SDFF NEWS BITS: ALUMNI UPDATES, FESTS, HONORS, NEW DOCS, INDUSTRY HAPPENINGS
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3 MAY 2022
AWARDS. HONORS. FESTIVALS. SPECIAL SCREENINGS.
For Love and Legacy (AK Sandhu, 2021) was an official selection of the Pan African Film Festival in L.A. late last month, and has been seeing some increased press in the wake of those screenings, including a recent Moveable Feast interview with director AK Sandhu. Director AK Sandhu and collaborator/subject Fredrika Newton attended festival screenings of the film. In the SDFF 2022 film, sculptor Dana King’s hands and activist Fredrika Newton’s memories come together to build a new monument that honors the Black Panther Party’s vital place in American history. The film has also been selected for this year’s Tribeca Film Festival.
Leftover Feelings: A Studio B Revival (Lagan Sebert and Ted Roach, 2021) is an official selection of both the Richmond International Film Festival and the River Run International Film Festival. In the SDFF 2022 film, Nashville music legends, John Hiatt and Jerry Douglas, team up during the pandemic to record their Grammy-nominated album “Leftover Feelings” in Elvis’s favorite studio, RCA’s fabled Studio B. Walking in the footsteps of Elvis, Dolly, and Waylon, John & Jerry attempt to revive and capture the magical sounds of this historic room where so many early hit songs were made. Featuring commentary from Lyle Lovett, Dolly Parton, Emmylou Harris, and others, this film spotlights the legacy of Music City’s most significant studio through the lens of two godfathers of Americana music.
Two SDFF 2022 selections, Listen To The Beat Of Our Images (Audrey Jean-Baptiste and Maxime Jean-Baptiste, 2020) and Fanny: The Right To Rock (Bobbi Jo Hart, 2021) will appear at Melbourne’s Human Rights Arts and Film Festival this week. The 10-day festival seeks to explore human rights issues through film, art, music and conversation. Interconnection is the theme of this year’s festival, and of the shorts program featuring Listen To The Beat Of Our Images, a film that explores the construction of the Kourou Space Centre in French Guyana as seen through the eyes of the local population.The festival is the latest in an impressive festival run for Fanny: The Right To Rock, which is about the first all-female band to be signed to a major record label in the U.S., but were written out of music history until fairly recently. The film’s director Bobbi Jo Hart also directed the SDFF 2018 selection Rebels On Pointe, which celebrated Les Ballets Trockadero de Monte Carlo; the all-male, drag ballet company founded on the heels of New York’s Stonewall riots.
Barbara Lee: Speaking Truth To Power (Abby Ginzberg, 2020), will appear at the Milwaukee Film Festival on May 4. The festival runs from April 21-May 5 and includes almost 300 films this year. Its documentary selections address serious topics like Russian politics, education and civil rights, as well as significantly less serious topics like the invention of the automat, competitive table-setting contests and a Pez smuggler. Barbara Lee: Speaking Truth To Power paints a vivid and timely portrait of Congresswoman Barbara Lee (California-D), a steadfast voice for human rights, racial and economic justice, peace and diplomacy in the U.S. government. Lee began her tenure as an activist with the Black Panther Party and raised two sons as a single mom before becoming the highest ranking black woman in the U.S. Congress. The doc showed as part of SDFF 2022.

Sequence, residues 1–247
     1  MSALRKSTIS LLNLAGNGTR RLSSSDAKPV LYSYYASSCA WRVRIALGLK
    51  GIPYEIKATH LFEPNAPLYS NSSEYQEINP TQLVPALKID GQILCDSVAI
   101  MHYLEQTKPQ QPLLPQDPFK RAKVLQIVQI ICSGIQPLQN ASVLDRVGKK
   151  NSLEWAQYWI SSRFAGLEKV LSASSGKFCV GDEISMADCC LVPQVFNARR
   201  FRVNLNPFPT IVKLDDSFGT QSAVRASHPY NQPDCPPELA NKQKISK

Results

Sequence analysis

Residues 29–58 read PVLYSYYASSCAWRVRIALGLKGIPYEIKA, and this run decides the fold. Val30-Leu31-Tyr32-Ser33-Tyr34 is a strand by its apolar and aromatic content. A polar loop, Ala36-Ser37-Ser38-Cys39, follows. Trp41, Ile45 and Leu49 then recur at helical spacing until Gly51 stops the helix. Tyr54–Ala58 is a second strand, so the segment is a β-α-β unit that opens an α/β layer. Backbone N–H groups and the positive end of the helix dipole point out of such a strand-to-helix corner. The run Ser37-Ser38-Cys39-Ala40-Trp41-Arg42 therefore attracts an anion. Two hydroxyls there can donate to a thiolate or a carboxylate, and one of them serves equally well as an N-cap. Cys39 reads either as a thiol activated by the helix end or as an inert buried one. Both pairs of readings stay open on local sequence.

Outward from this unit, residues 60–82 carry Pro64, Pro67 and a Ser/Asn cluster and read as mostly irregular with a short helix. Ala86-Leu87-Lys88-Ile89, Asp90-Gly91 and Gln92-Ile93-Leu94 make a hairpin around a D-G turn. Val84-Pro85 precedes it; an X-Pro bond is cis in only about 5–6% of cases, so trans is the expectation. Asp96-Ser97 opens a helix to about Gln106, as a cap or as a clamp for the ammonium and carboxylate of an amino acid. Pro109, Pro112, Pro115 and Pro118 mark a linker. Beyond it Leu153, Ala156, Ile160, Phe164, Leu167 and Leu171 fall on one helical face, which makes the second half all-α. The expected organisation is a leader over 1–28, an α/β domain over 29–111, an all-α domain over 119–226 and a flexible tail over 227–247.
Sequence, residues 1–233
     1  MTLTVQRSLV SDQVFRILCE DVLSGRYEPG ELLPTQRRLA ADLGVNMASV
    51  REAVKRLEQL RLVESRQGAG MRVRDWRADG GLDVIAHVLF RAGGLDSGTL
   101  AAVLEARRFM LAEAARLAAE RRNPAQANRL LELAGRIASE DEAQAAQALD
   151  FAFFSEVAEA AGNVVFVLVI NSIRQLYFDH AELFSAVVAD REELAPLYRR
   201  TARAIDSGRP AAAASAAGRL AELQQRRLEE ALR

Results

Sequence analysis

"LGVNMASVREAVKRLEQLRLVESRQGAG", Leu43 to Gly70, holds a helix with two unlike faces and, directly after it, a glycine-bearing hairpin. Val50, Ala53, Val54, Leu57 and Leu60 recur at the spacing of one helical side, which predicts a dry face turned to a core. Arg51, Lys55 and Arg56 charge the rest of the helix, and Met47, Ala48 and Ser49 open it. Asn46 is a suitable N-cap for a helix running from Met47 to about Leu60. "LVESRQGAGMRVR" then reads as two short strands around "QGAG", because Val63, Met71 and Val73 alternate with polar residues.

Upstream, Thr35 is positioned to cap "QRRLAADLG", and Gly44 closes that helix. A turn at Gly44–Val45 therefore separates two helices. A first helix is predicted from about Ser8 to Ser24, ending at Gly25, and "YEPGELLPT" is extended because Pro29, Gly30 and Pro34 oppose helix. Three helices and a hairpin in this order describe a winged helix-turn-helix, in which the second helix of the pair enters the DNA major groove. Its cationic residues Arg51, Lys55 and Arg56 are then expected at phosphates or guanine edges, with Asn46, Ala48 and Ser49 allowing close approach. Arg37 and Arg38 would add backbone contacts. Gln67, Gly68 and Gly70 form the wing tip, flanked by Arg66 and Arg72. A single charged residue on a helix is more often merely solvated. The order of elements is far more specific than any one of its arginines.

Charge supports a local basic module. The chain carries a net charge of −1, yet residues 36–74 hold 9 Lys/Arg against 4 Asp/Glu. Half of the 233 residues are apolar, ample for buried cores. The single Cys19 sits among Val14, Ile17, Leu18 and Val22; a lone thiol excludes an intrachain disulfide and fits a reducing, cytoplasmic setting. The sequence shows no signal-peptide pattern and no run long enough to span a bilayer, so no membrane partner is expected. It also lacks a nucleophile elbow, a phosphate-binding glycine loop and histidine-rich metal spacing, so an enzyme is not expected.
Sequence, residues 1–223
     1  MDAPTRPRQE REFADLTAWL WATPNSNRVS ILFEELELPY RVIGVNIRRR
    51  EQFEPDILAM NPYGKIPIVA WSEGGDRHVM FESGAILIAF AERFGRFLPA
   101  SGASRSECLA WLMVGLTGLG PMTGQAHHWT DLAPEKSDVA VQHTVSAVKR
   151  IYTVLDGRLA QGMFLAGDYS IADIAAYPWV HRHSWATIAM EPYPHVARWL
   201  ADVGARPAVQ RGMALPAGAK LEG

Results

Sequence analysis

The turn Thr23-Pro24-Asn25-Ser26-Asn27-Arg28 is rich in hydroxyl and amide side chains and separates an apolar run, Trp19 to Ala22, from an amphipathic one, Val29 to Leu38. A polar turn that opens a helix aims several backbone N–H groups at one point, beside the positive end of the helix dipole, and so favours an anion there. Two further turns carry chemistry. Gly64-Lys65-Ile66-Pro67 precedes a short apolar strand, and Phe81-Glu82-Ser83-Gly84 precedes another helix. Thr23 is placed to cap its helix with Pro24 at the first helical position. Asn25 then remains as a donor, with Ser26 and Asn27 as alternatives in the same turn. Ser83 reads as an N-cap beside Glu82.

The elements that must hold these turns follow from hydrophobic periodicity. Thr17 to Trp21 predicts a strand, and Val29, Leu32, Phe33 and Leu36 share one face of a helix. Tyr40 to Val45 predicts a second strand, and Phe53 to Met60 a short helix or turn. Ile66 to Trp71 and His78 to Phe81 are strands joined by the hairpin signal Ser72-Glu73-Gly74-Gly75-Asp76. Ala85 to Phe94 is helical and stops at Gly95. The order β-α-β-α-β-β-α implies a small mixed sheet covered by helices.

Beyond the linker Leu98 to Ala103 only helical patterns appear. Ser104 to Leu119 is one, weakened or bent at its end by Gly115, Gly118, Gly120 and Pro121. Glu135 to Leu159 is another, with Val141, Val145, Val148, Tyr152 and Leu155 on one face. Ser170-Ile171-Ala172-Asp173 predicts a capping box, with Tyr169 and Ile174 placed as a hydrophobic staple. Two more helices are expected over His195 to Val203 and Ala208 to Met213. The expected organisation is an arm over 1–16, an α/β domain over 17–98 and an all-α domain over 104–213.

NEW FILMS & PROJECTS FROM SDFF FILMMAKERS
Meet Me Where I Am, a new film co-directed by Ross Kaufman (Still Plays With Trains, 2018) about health care and addiction debuted at Sundance earlier this year. The film follows Salt Lake City resident Adolphus Nickleberry who became a symbol of rehabilitation in SLC after seeking assistance from the University of Utah Health’s Intensive Outpatient Program (IOP). Produced by the IOP, the film enters the fray of an ongoing argument about health care, drug decriminalization, rehabilitation and criminal justice, providing evidence of the possibilities of investing in rehabilitation and health care over incarceration. The doc is a fairly significant departure from Kaufman’s SDFF 2020 film Still Plays With Trains about a man’s passion for model trains that led him to recreate his 10th birthday with a 3,000 square-foot replica of the old Lackawanna Railroad in his basement. Meet Me Where I Am is co-directed by André Robert Lee and Robin Honan.